Our Creative Forest trial, delivered in partnership with Creative Forest Ltd, has been running since the start of term and has already raised some significant highlights.
Online learning (or just ‘learning’) does not have to be the linear, structured environment we often see on the internet. Learning is a messy business and although teachers and parents often want to tidy it up as much as possible, that isn’t always what we should be doing. Creative Forest reflects the messy side of learning. It is a dynamic, rich environment where there are so many different things going on it can be a little overwhelming. It asks the student to take the time to immerse themselves in the platform. They need to learn its ins and outs, engage in chat, keep an eye on developments, and post ideas. There are multiple chat channels that support different interests. From coding to movie making, from fashion to sport. You name it and it is there. It is lively, exciting and far from linear or tidy.
While many students are now developing projects based on interests, we are not seeing a great deal of connectedness across schools just yet. This will take time and encouragement but is an essential part of the platform. We need the students to learn to connect beyond the local area.
Renea has done a fabulous job in developing an environment using two main tools, Notion and Flock. While this has worked well, there are a few major limitations. Our original vision for Creative Forest involved developing a new platform. The trial has reinforced how important this is. At the moment no existing platform does what we need.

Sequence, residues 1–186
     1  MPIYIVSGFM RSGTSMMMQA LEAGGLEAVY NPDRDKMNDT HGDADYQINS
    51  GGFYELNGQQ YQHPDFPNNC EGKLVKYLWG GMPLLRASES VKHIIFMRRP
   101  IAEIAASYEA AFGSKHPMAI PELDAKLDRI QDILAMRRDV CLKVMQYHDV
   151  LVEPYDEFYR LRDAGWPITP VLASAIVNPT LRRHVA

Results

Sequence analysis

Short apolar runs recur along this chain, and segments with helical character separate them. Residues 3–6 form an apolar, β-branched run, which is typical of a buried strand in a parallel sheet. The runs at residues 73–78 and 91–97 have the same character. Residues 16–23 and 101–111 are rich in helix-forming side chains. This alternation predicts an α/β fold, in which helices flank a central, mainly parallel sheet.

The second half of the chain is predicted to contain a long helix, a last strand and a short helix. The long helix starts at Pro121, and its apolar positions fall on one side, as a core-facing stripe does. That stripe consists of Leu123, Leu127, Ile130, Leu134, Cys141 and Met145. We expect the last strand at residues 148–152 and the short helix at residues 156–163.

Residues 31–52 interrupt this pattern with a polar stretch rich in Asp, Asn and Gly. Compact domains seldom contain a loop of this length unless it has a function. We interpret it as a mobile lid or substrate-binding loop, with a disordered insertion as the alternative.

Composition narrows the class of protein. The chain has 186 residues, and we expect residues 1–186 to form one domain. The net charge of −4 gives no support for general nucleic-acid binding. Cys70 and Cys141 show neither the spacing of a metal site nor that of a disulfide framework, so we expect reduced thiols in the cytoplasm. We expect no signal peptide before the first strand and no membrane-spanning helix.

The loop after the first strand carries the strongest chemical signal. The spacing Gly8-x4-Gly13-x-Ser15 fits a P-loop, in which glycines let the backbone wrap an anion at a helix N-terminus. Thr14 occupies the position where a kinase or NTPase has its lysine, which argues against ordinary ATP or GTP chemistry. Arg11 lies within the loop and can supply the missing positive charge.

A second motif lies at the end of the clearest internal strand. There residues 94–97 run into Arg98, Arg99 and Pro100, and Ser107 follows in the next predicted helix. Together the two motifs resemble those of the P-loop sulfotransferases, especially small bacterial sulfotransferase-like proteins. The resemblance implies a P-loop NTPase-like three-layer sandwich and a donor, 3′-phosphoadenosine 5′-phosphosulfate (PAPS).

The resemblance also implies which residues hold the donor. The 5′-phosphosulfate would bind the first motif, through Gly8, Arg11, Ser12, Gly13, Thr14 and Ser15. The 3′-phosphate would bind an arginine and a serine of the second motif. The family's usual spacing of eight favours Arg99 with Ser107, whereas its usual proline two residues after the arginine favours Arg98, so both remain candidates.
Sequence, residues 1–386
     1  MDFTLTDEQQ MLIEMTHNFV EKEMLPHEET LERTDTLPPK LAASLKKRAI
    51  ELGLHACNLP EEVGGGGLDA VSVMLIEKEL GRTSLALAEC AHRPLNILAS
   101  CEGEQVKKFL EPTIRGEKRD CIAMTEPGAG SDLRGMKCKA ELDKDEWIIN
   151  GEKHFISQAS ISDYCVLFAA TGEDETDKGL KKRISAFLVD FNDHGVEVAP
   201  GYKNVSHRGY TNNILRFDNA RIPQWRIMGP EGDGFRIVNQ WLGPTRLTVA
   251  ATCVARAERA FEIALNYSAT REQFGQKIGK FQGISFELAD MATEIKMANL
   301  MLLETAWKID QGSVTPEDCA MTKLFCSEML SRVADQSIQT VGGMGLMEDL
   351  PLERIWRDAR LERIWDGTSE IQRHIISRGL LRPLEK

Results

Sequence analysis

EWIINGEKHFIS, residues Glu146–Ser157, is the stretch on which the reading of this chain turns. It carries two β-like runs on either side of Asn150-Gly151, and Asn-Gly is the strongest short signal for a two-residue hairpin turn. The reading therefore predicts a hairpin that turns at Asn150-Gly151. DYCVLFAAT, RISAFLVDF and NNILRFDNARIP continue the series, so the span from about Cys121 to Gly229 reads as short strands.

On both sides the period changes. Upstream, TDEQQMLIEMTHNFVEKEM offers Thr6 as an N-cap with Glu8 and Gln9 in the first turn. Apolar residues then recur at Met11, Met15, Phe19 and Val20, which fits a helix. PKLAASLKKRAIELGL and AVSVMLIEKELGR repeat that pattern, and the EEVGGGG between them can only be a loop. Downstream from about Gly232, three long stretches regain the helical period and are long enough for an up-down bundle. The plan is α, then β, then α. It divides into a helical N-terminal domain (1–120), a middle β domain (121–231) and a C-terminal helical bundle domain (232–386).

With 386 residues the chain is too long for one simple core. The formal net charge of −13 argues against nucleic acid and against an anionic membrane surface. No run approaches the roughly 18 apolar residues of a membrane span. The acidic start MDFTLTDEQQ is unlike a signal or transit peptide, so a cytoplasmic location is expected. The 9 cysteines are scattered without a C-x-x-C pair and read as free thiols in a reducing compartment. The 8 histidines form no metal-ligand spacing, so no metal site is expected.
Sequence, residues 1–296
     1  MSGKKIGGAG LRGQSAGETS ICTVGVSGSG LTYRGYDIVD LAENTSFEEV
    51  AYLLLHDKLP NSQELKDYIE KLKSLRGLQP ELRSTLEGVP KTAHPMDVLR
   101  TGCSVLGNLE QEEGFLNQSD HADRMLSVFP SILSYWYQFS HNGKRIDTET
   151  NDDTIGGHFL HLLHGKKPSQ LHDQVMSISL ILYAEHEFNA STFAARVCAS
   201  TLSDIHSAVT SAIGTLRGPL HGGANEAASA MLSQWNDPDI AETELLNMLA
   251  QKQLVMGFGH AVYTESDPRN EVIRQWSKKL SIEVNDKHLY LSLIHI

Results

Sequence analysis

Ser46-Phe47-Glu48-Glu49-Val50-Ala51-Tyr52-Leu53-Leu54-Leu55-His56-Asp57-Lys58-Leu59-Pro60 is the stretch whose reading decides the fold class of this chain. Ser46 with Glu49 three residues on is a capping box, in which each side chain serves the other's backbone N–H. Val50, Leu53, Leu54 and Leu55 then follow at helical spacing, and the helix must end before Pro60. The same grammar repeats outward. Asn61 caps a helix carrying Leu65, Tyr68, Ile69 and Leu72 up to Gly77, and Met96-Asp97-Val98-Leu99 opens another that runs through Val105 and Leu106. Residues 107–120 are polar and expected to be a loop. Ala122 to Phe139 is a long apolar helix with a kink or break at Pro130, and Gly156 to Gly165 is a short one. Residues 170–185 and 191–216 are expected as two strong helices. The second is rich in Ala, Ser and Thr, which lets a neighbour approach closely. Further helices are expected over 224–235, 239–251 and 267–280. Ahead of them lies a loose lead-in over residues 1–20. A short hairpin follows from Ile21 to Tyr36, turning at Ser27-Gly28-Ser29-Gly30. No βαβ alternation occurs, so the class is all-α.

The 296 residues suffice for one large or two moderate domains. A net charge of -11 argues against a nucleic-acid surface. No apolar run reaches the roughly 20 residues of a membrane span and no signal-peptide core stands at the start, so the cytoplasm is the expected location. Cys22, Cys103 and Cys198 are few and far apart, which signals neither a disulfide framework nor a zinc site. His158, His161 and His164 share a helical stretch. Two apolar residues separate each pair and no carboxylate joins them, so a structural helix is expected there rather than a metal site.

The possibilities with this trial are endless, but one thing that stood out for me in a recent chat with Renea is how the internet can help sustain local community. We often hear about how the internet can create connectedness on a global stage, but there are benefits that are far more close to home. The world of work is changing. The internet means you can work, run a business, or develop innovative solutions from wherever you are. It means that small rural communities don’t have to lose many of their kids when they finish school. If you want to stay where you are, you can. Creative Forest develops this realisation and outlook in students while they are at school. It builds in them the capacity to create or innovate using rich online platforms that enable them to not only connect nationally and globally. In my opinion, we have obligation as educators to do this if we want to prepare children for the world they live in, but there is perhaps a reason of equal importance if we want a sustainable future for small rural communities.
By Darren Sudlow